basketball ideas

Ideas / NBA Season Ticket, the trash-talk edition

I've got the killer app for the NBA tele­vi­sion-view­ing expe­ri­ence, some­thing that will melt faces around the world and pro­vide the league with yet anoth­er license to print mon­ey. (Props to Justin and Zidane who sparked this idea last night as we watched Game 3.)You could call it: NBA 360, or the Court­side Pack­age, or the Real NBA Court­side 360 Pack­age or what­ev­er, but the con­cept is sim­ple … Arrange some micro­phones around/above the court, and cre­ate a pay TV ser­vice that allows fans to hear the trash talk that accom­pa­nies every game. Even bet­ter: You could elim­i­nate the announc­ers, and go au naturel: Game trash talk sound­track, noth­ing more.

Kobe Bryant & Kevin Garnett exchange pleasantries
"I feel so mis­un­der­stood, KG. Some­times I just wish the fans could know the real Kobe." [Pho­to: Stephen Dunn]

David Stern will nev­er go for it, you say? You may be right — today — but Stern is a prod­uct man­ag­er at heart. His recent crack­downs may seem moral in nature, but they're real­ly efforts to main­tain the integri­ty of the cur­rent NBA brand. Of course, cer­tain brands con­tin­u­al­ly change, and some brands are forced to change. (Gen­er­al Motors can't con­tin­ue to be known pri­mar­i­ly the mak­ers of Sub­ur­bans and Hum­mers for­ev­er, for instance). Some­time soon, I expect that Stern will do what all good PMs do: Evolve his prod­uct and brand to respond to the market. 

Why a trash-talk channel, then?

Well, my guess is that peo­ple har­bor few­er and few­er illu­sions about what's hap­pen­ing on the court. It obvi­ous­ly ain't Sun­day School, as much as the NBA wants you to believe it is. Also, even the slight­est peek at the trash talk is fas­ci­nat­ing. The one and only time I sat close to court­side — in Toron­to, 2003, end of the sea­son, against the Hor­nets — I heard Baron Davis and Rafer Alston go at it for a few sec­onds near the side­line and I was stunned: It was deeply per­son­al, and pro­found­ly enter­tain­ing. (It's also unre­peat­able on a fam­i­ly-ori­ent­ed blog like this). Curt Schilling sat court­side dur­ing Game 2 of the Finals, and he also was strange­ly com­pelled by the trash talk:

… About 43 times last night I heard things being said that would have made me swing at some­one. These guys talk MAJOR trash on the floor, and the great part is that most of the times I've seen it the guy on the receiv­ing end usu­al­ly doesn't respond much, if at all, and just plays the game, school­ing the guy who feels like he needs to talk to make his game better.

For exam­ple:

Last night KG goes to the line, Lamar Odom (who I became a fan of last night) is say­ing "Hey KG why don't you help on the ball down here?†Point­ing to the paint, and I am guess­ing he's ref­er­enc­ing the fact that KG wasn't down in the paint mix­ing it up. He says it again, loud­ly, KG doesn't even acknowl­edge him, and sinks both. Impres­sive, total focus.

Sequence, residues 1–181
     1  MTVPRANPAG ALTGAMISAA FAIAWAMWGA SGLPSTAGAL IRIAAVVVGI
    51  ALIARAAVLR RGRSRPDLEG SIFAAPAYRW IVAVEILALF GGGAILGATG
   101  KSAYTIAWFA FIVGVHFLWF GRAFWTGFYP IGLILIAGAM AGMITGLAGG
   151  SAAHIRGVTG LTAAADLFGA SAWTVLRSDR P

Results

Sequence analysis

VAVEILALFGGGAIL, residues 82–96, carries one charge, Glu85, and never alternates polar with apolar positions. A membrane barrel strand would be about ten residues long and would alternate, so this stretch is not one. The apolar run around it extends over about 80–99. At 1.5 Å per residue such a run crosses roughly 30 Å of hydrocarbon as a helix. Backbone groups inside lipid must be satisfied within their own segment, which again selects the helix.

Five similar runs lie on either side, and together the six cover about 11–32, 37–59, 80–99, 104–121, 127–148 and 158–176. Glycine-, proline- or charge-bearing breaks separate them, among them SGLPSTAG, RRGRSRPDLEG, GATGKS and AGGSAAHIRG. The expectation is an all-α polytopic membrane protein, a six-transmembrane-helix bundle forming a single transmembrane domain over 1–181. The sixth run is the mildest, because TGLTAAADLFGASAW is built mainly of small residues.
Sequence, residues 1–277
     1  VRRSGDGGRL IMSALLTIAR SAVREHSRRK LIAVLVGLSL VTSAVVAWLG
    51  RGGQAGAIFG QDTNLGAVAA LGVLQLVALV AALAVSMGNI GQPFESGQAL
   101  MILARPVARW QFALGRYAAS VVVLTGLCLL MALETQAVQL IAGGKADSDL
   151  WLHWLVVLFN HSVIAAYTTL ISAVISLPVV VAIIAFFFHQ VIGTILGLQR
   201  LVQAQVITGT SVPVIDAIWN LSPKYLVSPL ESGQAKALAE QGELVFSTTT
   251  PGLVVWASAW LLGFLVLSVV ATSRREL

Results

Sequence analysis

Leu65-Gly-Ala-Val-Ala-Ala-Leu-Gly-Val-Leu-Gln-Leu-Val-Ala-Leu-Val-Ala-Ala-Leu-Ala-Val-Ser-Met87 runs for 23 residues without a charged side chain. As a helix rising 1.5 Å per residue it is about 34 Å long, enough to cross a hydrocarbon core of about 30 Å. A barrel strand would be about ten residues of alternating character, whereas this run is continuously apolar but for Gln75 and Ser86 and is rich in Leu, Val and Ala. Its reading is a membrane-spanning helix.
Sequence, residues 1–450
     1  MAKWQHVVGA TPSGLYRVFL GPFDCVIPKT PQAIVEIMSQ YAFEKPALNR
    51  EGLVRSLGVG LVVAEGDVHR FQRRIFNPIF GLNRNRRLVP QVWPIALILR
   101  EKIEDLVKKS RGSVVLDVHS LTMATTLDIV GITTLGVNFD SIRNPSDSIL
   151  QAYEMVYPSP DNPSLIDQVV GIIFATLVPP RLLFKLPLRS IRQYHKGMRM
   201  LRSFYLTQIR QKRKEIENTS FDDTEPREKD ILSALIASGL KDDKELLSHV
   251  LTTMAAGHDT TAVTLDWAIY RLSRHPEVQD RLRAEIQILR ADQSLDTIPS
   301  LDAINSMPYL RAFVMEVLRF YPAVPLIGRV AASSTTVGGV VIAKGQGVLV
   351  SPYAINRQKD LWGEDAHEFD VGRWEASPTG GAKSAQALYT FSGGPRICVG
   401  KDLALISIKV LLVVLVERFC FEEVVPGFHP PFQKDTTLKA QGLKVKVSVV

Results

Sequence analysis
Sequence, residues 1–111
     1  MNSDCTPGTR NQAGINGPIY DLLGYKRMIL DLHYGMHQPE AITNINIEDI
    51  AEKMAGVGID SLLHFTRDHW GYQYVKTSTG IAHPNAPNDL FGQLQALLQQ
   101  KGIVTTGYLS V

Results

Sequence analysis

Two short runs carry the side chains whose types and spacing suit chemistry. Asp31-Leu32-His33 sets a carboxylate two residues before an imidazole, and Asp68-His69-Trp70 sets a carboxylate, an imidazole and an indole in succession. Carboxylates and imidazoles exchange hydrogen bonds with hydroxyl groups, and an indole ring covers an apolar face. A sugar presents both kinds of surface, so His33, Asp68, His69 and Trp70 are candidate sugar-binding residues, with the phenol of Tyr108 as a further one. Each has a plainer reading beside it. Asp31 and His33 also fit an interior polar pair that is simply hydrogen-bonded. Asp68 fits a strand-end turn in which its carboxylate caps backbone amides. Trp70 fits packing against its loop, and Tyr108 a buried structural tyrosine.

For the record, I was ask­ing KG the same ques­tion from the pri­va­cy of my liv­ing room.

Anyway, on a philosophical note

For the last 10 or so years, the NBA has been in a sort of con­flict­ed ado­les­cence. Stern makes extreme efforts to man­age an out­ward appear­ance of nor­mal­i­ty, but this bare­ly masks the tur­bu­lence beneath the sur­face. He cre­at­ed a dress code, and he enforces strict poli­cies on com­mu­ni­ca­tion with the media. Mean­while, every­one asso­ci­at­ed with the league — fans, play­ers, coach­es, etc — knows that this is all win­dow-dress­ing, and dat­ed win­dow-dress­ing at that. There is a deeply com­pelling game with­in a game going on; why not pro­duc­tize it? There are per­son­al­i­ties, feuds, vil­lains, heroes, and so on — why not bring them out, and cre­ate a ser­vice that peo­ple will pay for in the process?

2 replies on “Ideas / NBA Season Ticket, the trash-talk edition”

That's a great idea. I would love to watch the trash-talk edition. 

In gen­er­al, I think there is tons more room for net­works to broad­cast live cov­er­age of the sub-nar­ra­tives that take place with­in games.

I've always want­ed to see cov­er­age of a NFL game that focus­es on the offen­sive and defen­sive coor­di­na­tors who are schem­ing and react­ing dur­ing the game. We get a sense of the com­plex­i­ty of the strat­e­gy from the ESPN show NFL Matchup, but I would like to wit­ness the dra­ma of the tac­tics evolv­ing in real time.

Also, I'm remind­ed of the movie Zidane that pro­vides the view­er a rad­i­cal­ly dif­fer­ent (some would say bor­ing) way to expe­ri­ence a soc­cer game. The film con­sists almost entire­ly of close up shots on Zidane through­out the course of a game in which he is even­tu­al­ly expelled with a red card.

Thanks, Dan. Your NFL coor­di­na­tor POV is anoth­er excel­lent exam­ple of what you nice­ly termed "sub-nar­ra­tives." As a Mad­den play­er from days of yore, the appeal of this kind of angle is obvi­ous: Lis­ten­ing to the infor­ma­tion flow from the field, get­ting a sense of what the coor­di­na­tor believes is impor­tant, and then watch­ing it all play out. How much bet­ter could it get for a foot­ball nerd? (Also, can you even imag­ine how much more meta-nar­ra­tive it would add in liv­ing rooms across the country?)

I also agree with your assess­ment of Zidane. It walks a very fine line between riv­et­ing and point­less. The sound was what seemed so new and inter­est­ing to me; the way that the nat­ur­al sound was mixed did a lot of jus­tice to sports. Most­ly grunts, silence, occa­sion­al shouts. Also, the Mog­wai part was awesome.

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